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Putin admits weapons shortage but claims he could try to seize even more of Ukraine despite counteroffensive

At least 10 killed in Russian missile strike
At least 10 killed in Russian missile strike on Zelenskyy's birth city 03:11

Russian President Vladimir Putin suggested Tuesday that he could order his troops to try to seize more land in Ukraine to protect bordering Russian territory — a threat with questionable credibility because the Kremlin lacks full control over areas it has already illegally annexed. In some of his most detailed remarks about the war in months, the Russian leader made a rare acknowledgment of shortages of some vital weapons and ammunition, but claimed Ukraine's recently-launched counteroffensive was failing, with Kyiv's forces suffering "catastrophic" battlefield losses.

Putin said Russia was short of "high-precision ammunition, communications equipment, aircraft, drones, and so on" — despite weapon production having increased over the past year in his country.

Russian President Vladimir Putin meets with war correspondents in Moscow, June 13, 2023. GAVRIIL GRIGOROV/SPUTNIK/AFP/Getty

He spoke hours before Belarussian autocrat Alexander Lukashenko, one of Putin's few close allies in the region, said the country just north of Ukraine had started taking delivery of the Russian tactical nuclear weapons that Putin announced weeks ago would be deploy to Belarus.

Ukraine quickly denied Putin's claims about its counteroffensive, insisting slow progress was being made along the 600-mile front line that stretches from the country's northern border with Belarus to the Black Sea on its southern coast.

Military analysts and U.S. officials describing the counteroffensive to CBS News have said Ukraine has yet to commit the bulk of its forces to the new push and is likely still probing sections of the long front line to determine weak points for a more concerted attack on Russia's occupying forces.

For weeks, even before the counteroffensive started gaining steam, Russia's own territory — even the Kremlin in Moscow — has faced drone and small-scale ground attacks, some of them claimed by Ukraine-aligned Russian separatist groups. Speaking with a selected group of war bloggers and defense reporters at the Kremlin on Tuesday, Putin acknowledged that his forces could have been better prepared for such attacks, and it was those he said might seek to deter by ordering Russian troops to "create on Ukrainian territory a kind of sanitary zone at such a distance from which it would be impossible to get our territory."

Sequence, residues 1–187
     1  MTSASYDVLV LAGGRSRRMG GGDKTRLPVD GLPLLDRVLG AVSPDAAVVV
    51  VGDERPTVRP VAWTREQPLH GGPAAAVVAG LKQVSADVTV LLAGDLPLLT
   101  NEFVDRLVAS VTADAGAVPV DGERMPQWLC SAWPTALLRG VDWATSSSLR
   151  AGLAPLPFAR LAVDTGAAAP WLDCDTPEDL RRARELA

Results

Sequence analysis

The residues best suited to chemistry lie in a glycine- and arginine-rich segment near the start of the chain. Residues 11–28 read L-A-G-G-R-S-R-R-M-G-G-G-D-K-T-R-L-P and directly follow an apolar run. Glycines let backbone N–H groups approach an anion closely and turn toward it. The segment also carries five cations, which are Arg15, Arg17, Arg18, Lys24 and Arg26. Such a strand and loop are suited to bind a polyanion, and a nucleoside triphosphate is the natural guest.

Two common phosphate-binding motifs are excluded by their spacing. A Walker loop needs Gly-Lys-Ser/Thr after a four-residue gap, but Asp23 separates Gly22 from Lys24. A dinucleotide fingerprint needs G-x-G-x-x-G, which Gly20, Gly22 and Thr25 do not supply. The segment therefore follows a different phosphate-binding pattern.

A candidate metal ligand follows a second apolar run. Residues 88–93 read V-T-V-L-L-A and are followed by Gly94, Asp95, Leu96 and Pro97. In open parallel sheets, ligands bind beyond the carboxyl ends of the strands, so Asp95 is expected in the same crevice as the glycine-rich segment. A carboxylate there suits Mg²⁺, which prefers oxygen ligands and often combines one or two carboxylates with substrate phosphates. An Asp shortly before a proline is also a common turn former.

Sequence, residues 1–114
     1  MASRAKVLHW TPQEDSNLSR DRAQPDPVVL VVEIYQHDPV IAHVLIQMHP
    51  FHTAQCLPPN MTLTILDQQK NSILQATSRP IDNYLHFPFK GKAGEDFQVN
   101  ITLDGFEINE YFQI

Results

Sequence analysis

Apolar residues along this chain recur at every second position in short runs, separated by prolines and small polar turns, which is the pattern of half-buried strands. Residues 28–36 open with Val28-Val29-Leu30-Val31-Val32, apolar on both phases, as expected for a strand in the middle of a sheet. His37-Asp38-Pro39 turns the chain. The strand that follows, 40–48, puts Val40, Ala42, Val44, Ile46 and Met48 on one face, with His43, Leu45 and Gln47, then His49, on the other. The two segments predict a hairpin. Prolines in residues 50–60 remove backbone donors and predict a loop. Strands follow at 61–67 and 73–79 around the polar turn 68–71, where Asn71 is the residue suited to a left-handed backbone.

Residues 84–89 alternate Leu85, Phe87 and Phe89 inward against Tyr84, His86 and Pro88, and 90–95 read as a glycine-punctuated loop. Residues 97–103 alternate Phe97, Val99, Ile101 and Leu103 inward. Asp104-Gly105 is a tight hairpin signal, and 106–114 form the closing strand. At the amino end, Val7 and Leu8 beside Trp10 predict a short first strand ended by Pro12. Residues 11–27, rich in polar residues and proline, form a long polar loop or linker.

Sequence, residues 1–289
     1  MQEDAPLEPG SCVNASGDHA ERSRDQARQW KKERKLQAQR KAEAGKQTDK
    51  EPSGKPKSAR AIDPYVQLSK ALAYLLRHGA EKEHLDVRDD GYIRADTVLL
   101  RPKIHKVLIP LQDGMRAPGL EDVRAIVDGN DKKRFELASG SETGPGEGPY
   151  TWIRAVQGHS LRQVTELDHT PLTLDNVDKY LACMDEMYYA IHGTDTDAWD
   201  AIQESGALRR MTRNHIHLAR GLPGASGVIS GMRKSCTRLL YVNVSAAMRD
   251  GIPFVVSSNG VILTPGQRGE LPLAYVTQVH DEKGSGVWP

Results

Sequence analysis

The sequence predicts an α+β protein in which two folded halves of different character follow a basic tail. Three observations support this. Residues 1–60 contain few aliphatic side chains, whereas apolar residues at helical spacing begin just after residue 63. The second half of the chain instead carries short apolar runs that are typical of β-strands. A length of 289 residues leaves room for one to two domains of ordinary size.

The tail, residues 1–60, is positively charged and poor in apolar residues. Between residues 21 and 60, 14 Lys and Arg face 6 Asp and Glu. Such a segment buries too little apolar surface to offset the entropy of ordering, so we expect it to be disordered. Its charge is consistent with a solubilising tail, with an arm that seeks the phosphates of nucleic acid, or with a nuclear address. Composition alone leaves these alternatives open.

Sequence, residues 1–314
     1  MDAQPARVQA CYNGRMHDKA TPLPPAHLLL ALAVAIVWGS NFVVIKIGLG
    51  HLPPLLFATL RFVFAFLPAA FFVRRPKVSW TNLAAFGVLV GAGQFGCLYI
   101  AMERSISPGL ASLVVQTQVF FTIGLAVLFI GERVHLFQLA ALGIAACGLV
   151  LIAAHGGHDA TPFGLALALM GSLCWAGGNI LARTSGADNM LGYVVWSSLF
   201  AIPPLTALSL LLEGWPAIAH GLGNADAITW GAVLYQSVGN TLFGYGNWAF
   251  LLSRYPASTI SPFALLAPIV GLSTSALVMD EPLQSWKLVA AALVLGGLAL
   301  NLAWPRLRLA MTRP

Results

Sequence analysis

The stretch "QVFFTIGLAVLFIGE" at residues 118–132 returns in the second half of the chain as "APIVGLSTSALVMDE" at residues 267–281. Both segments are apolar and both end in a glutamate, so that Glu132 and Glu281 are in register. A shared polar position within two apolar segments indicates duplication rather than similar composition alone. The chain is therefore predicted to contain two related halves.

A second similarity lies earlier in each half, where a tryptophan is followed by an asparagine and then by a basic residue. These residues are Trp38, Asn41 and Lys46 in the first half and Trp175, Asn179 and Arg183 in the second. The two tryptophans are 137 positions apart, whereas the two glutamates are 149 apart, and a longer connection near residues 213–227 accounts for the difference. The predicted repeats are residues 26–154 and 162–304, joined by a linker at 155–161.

Russian dissident groups seek to weaken Putin regime 02:04

The Russian leader spoke on the heels of Ukrainian claims to have recaptured at least seven small villages in the east of the country in recent days. But the Ukrainian counteroffensive's gains have been limited and both sides have acknowledged a pressing need for more weapons and ammunition.

While Putin claimed his country was ramping up production of the needed hardware, the U.S. government announced its latest military aid package for Ukraine — a drawdown of existing U.S. supplies worth some $325 million, which will include more armored fighting and infantry transport vehicles.

Putin heralded the destruction and capture of some of the American-made Stryker and Bradley fighting vehicles that Ukraine had already taken possession of, and mockingly said European-supplied tanks were "burning well."

While Ukraine is eager for more vehicles, tanks and munitions, CBS News correspondent Ian Lee said Kyiv was also desperately in need of more air defenses, as highlighted by the latest deadly missile and drone salvos.

Russian missiles struck a Ukrainian city for the second night in a row, this time targeting the southern port city of Odesa. Local officials said the only one of four Russian cruise missiles launched from the Black Sea that got through its air defenses struck a business center and warehouse, killing at least three people and leaving 13 others wounded.

People walk past a commercial building damaged after an overnight Russian strike in Odesa, southern Ukraine, June 14, 2023, amid the ongoing Russian invasion. OLEKSANDR GIMANOV/AFP via Getty Images

Putin made several other notable remarks in his nearly-two-hour discussion with the Russian war bloggers and journalists:

  • He reiterated Russia's claim that Ukraine was responsible for blowing up the Kakhovka dam and hydro-electric power plant on the Dnieper River, which caused vast flooding on both sides of the front line last week in the country's south, killing at least 17 people. Ukraine says it was Russia that destroyed the dam, which it seized months earlier, "from inside." 
  • Putin claimed Ukraine had lost 160 tanks and more than 360 other armored vehicles, while Russia lost 54 tanks since the new counteroffensive began. Those claims could not be immediately verified, but a U.S. official familiar with American intelligence said Putin's comments were "not accurate" and cautioned against putting any stock in Russia's public assessments.  
  • He said Russia's defense industry had ratcheted up production of drones and other weapons but still needed more, and claimed the West was also struggling to produce more weapons and ammunition.
  • Putin threatened that Russia could pull out of a U.N.-backed deal to allow grain shipments from Ukraine through a demilitarized Black Sea maritime corridor.
  • He claimed the United States could stop the war by halting weapons shipments to Ukraine, leaving it too weak to carry on the fight, and suggested the West would eventually give up on the fight and accept that Ukraine could "never" win the war.
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